Yeah, about gifts for a vampire wedding and advice for your niece about her vampire parents.
No one’s asked me what advice I would give to Renesmee, which seems weird because Rosalie’s going to be like the ultimate mom to her I think.
When you go to these events, do you expect the same thing over and over again? Is that frustrating? Do you want people to mix it up, or it comes with the territory?
I mean, it comes with the territory. It’s very fascinating for young people to know more about the personal lives of the actors than the movies, ‘cause it’s just sort of that genre and that demographic that we appeal to, or the films appeal to. Sometimes I wish people would ask me a little bit more what it’s like working with Elizabeth Reaser and Michael Sheen and Billy Burke just because I’m such a big fan of all three of those. And I’m like in awe every time I’m standing there in a scene and Michael Sheen is speaking, it’s like a performance that you don’t want to miss. You forget you’re even there. And Elizabeth Reaser should have won an Oscar for “Sweet Land,” and the only reason she didn’t is because her German accent was so good that people thought that she was actually German and they didn’t realize that she didn’t speak a single word. And Billy Burke’s just a dream. So sometimes I wish that. But other than that I’m not frustrated with the questions in general, ‘cause I know what I’m here for and I’m happy to have such an enthusiastic fanbase. I really am.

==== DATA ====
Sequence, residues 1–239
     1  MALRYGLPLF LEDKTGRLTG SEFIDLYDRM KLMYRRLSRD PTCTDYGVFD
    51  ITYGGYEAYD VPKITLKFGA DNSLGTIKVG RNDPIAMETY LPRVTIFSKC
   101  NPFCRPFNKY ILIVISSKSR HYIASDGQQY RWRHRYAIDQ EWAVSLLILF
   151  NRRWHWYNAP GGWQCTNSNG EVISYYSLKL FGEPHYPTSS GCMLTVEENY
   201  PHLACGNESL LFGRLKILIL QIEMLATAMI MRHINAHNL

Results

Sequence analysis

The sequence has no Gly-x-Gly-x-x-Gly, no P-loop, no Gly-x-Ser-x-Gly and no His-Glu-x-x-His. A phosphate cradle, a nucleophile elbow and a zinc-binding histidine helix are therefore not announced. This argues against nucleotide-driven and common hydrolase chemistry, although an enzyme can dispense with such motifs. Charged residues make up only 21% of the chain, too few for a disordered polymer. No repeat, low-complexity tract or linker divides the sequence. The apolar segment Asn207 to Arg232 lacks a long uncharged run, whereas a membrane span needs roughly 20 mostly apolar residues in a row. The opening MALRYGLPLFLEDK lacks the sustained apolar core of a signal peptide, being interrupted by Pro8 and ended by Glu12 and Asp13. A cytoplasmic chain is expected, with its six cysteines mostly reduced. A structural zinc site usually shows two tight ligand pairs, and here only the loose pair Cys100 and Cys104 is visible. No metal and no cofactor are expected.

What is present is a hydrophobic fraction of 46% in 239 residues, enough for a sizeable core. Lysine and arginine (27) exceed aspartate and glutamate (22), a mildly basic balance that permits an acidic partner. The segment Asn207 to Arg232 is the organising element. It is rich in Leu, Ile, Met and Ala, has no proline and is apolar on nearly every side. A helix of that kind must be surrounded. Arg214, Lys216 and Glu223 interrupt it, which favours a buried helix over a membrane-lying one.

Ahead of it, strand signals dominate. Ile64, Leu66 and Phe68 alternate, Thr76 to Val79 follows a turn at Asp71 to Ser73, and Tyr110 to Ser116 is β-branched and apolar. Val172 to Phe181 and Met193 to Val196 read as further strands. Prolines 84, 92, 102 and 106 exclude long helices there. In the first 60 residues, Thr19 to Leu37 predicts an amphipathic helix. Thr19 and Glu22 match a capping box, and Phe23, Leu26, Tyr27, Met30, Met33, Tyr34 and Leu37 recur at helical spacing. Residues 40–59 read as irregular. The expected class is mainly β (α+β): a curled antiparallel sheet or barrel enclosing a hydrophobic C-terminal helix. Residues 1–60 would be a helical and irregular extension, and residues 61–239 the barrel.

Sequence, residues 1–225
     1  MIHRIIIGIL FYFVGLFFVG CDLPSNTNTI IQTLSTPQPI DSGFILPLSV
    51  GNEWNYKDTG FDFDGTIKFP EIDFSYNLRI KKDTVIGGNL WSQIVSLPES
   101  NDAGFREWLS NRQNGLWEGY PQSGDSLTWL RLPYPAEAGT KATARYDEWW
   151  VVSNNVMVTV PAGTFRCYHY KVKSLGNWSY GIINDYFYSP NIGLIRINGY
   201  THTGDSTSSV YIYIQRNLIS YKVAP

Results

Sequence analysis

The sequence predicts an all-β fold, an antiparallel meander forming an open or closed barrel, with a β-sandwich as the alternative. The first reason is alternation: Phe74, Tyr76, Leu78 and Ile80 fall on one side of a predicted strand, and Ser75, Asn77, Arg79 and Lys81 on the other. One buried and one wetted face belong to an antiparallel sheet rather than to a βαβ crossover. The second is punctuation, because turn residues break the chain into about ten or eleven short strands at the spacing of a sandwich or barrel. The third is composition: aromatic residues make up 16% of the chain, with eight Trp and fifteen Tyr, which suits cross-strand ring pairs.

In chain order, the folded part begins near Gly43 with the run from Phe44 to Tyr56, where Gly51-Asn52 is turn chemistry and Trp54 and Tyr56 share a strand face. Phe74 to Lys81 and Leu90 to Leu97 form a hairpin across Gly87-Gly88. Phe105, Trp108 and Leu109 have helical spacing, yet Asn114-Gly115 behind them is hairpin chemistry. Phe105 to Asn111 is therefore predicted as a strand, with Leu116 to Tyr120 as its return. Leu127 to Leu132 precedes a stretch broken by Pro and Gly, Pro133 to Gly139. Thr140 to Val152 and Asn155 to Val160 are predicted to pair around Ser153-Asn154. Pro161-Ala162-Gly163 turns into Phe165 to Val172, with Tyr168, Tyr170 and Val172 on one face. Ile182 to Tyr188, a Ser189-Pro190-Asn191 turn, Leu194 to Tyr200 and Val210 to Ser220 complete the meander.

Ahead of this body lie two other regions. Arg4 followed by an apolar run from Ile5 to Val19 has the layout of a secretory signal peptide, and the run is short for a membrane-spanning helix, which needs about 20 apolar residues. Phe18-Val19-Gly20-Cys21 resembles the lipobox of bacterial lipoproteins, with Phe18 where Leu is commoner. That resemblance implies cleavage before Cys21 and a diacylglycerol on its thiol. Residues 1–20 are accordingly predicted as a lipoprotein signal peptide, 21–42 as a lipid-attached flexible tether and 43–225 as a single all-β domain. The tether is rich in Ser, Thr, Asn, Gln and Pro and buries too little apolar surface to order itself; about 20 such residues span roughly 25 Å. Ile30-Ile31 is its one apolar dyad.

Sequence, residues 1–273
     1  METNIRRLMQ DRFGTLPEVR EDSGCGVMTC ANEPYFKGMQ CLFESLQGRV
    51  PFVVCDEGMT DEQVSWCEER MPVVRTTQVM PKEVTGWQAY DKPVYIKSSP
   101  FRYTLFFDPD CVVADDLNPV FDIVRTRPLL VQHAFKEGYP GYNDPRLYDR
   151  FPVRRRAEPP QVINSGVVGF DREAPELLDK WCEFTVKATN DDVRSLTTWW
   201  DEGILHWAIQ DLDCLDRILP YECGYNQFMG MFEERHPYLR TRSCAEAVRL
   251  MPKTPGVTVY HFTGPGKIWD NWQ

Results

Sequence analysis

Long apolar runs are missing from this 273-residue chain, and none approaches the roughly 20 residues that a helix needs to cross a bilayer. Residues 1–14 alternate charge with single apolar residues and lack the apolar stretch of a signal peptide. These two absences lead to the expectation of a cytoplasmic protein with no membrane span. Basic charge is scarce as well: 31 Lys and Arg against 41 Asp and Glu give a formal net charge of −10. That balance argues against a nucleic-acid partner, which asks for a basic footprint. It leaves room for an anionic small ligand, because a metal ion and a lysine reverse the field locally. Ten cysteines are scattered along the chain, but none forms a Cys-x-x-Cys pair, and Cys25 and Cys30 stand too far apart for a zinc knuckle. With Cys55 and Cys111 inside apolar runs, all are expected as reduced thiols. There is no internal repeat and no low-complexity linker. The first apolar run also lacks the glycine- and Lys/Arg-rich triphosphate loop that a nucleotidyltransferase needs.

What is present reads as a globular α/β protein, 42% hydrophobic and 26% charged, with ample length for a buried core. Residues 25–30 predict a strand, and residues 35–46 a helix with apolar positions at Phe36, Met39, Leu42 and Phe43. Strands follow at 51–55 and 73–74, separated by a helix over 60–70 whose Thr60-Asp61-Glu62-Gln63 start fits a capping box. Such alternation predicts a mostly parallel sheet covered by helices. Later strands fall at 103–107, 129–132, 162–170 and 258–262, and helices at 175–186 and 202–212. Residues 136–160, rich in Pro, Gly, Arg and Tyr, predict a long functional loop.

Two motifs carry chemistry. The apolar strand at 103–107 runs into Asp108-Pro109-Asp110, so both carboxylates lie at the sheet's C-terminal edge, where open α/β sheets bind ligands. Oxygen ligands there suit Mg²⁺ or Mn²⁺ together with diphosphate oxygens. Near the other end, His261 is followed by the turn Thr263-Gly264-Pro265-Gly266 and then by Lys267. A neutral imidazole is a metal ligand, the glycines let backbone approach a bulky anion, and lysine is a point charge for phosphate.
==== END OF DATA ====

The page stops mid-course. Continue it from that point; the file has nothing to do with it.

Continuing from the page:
On Chicago: “I love Chicago, and I’ve been around in Chicago. My brother lived here so I spent a lot of time here. When I came in here and hung out with him he came to whatever hotel I was staying at ‘cause I was working there, ‘cause he actually lived like an hour outside the city. In the suburbs.”
If she had time to do anything here: “Gosh, I don’t know. Museum it up. I used to spend a lot of time just walking—well, not in this weather—but over the summer we walked and walked forever. Went over to the Bean, I took a bunch of photographs. I just had a beautiful time in Chicago when I came to visit.”
On living in Southern Illinois, in Ruma, with her mom and brother as a kid: “I actually go back and visit the town ever year. It holds a very special place in my heart.”
On the length of the title “The Twilight Saga: Breaking Dawn—Part 1”: “That’s sort of ridiculous. I don’t ever look at the boards like that. I just sort of see it as “BD.” “Twilight 4.”“
On her iPod: “I go all over the place. I have like the Head and the Heart, Portugal. The Man, Foster the People, Laura Marling, all the way over to Adele, I’ve got some Jay-Z, I’m big on Beyonce, down to Susan Tedeschi, Paul McDonald.”
Has she read “Hunger Games”? “I have not. But I’m a big Jennifer Lawrence fan, so I think it’s freaking awesome.”
On the upcoming “Downers Grove”:”Not only did it not film [here], I don’t know if that’s ever happening. But I am attached to it, so when they let me know I’ll let you know.” [Laughs.]